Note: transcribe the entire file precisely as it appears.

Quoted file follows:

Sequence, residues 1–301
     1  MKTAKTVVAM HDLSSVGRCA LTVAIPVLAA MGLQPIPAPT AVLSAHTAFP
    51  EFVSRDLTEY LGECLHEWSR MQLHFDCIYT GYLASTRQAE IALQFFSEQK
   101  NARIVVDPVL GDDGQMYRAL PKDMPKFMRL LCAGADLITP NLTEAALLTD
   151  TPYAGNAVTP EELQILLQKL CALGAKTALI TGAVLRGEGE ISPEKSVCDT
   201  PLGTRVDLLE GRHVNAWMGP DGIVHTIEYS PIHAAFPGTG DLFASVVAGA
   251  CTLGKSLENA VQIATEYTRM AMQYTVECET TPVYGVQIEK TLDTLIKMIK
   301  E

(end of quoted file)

Sequence, residues 1–301
     1  MKTAKTVVAM HDLSSVGRCA LTVAIPVLAA MGLQPIPAPT AVLSAHTAFP
    51  EFVSRDLTEY LGECLHEWSR MQLHFDCIYT GYLASTRQAE IALQFFSEQK
   101  NARIVVDPVL GDDGQMYRAL PKDMPKFMRL LCAGADLITP NLTEAALLTD
   151  TPYAGNAVTP EELQILLQKL CALGAKTALI TGAVLRGEGE ISPEKSVCDT
   201  PLGTRVDLLE GRHVNAWMGP DGIVHTIEYS PIHAAFPGTG DLFASVVAGA
   251  CTLGKSLENA VQIATEYTRM AMQYTVECET TPVYGVQIEK TLDTLIKMIK
   301  E